Orioles pitcher John Means recently suffered a setback that will delay his return from elbow surgery, executive vice president and general manager Mike Elias said Friday.
Means, the Orioles’ opening day starter in 2021 and 2022, strained the teres major muscle in the scapula area of his upper back while doing a nonthrowing-related drill at the team’s complex in Florida.
Elias said the injury means the left-hander won’t be able to return in July, the month the team previously set as a possible return for Means. It’s unclear how long the muscle strain will set back Means as he recovers from Tommy John elbow reconstruction surgery, but Elias said the hope is that the 30-year-old will return in 2023.
“Unfortunately, he was doing some activation drills down in Florida and strained a muscle kind of in the scapular region of his upper back,” Elias said. “It’s a muscle injury, it’s not his shoulder capsule, it not a throwing injury, he’s just got a strained muscle in the scapula.
“This is basically just going to add some time to his recovery, or to his return back to the Orioles. How long exactly, I don’t know. We’re still very much hoping on getting him back this season, but this is obviously going to slow things down and tack on some time before we actually see him out pitching games.”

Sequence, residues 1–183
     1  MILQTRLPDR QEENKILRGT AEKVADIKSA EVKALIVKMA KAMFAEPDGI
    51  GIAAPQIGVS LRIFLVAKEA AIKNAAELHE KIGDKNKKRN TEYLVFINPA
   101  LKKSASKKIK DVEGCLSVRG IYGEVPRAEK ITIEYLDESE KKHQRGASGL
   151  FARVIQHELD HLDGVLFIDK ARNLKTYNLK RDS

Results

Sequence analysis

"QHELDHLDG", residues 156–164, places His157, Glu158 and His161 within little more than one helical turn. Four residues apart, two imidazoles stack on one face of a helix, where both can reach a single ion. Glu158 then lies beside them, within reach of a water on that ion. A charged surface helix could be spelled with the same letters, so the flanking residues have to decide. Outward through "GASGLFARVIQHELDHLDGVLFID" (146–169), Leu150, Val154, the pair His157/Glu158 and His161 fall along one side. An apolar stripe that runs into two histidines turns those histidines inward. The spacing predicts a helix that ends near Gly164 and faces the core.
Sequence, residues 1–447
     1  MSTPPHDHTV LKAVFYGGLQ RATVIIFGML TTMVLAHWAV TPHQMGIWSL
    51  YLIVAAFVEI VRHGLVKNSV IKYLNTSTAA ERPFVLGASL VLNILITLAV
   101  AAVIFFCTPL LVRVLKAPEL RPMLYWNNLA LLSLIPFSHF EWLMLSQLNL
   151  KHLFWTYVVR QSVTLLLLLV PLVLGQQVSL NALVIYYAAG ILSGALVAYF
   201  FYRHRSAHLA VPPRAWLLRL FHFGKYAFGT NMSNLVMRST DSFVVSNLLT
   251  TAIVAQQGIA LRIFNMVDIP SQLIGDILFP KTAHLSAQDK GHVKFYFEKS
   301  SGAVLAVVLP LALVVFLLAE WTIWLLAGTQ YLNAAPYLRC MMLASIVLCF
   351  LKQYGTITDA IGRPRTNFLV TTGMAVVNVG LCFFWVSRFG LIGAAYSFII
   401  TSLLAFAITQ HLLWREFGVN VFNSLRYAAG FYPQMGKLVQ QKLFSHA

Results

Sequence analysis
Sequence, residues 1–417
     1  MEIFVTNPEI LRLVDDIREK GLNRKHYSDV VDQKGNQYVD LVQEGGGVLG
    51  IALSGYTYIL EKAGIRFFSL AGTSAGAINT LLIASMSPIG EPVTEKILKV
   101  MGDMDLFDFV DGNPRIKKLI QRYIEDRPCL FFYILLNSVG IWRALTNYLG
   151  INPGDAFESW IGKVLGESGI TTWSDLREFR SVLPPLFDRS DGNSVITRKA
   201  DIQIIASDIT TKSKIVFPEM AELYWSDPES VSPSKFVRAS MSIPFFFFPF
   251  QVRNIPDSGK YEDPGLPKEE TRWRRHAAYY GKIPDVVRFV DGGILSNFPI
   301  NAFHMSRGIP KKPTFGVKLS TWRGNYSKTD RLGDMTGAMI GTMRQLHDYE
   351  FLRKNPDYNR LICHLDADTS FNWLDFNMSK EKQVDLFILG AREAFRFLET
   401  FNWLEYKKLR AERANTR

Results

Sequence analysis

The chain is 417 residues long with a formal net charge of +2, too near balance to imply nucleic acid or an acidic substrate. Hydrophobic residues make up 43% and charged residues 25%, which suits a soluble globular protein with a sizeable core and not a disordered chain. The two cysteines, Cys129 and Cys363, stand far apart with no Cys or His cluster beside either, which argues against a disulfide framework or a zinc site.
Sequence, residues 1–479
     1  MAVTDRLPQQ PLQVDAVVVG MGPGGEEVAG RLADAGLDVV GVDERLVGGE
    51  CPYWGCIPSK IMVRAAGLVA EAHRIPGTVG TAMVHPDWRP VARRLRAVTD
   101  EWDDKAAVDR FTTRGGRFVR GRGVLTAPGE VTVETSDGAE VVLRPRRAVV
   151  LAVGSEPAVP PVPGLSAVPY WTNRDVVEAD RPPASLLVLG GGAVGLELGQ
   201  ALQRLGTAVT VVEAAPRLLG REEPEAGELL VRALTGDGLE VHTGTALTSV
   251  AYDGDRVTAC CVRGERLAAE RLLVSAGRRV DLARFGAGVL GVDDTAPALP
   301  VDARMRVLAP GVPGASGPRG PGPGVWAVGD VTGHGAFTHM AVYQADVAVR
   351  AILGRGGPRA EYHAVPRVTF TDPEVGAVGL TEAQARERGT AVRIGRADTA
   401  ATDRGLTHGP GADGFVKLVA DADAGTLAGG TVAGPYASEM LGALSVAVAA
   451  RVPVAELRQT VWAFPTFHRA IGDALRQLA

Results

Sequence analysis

Before the setback, Elias said Means was “flying along” as he recovered from the torn ulnar collateral ligament he suffered last April. Elias added that muscle strain isn’t related to previous shoulder injuries Means has sustained in the past.
Tate staying on injured list
Means wasn’t the only rehabbing pitcher to recently have a setback. Reliever Dillon Tate, who was recovering from a forearm strain, is remaining on the injured list with a stress reaction in his elbow, Elias said. His minor league rehabilitation assignment ended Wednesday because of MLB’s 30-day limit on such stints.
Elias said Tate is “doing pretty well in the big picture” and that the stress reaction is separate from the flexor strain in his forearm. In 8 1/3 innings during his minor league rehab stint, Tate allowed 19 hits and had a 14.04 ERA.
This story will be updated.
Baltimore Sun reporter Hayes Gardner contributed to this article.